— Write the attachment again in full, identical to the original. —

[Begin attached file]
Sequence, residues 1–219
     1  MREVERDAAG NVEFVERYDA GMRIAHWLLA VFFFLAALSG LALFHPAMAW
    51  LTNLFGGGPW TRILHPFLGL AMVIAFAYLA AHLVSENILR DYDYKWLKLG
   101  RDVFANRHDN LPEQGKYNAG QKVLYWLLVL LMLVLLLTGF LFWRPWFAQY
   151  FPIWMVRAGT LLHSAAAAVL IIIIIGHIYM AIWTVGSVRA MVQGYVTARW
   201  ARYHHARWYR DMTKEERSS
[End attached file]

Sequence, residues 1–219
     1  MREVERDAAG NVEFVERYDA GMRIAHWLLA VFFFLAALSG LALFHPAMAW
    51  LTNLFGGGPW TRILHPFLGL AMVIAFAYLA AHLVSENILR DYDYKWLKLG
   101  RDVFANRHDN LPEQGKYNAG QKVLYWLLVL LMLVLLLTGF LFWRPWFAQY
   151  FPIWMVRAGT LLHSAAAAVL IIIIIGHIYM AIWTVGSVRA MVQGYVTARW
   201  ARYHHARWYR DMTKEERSS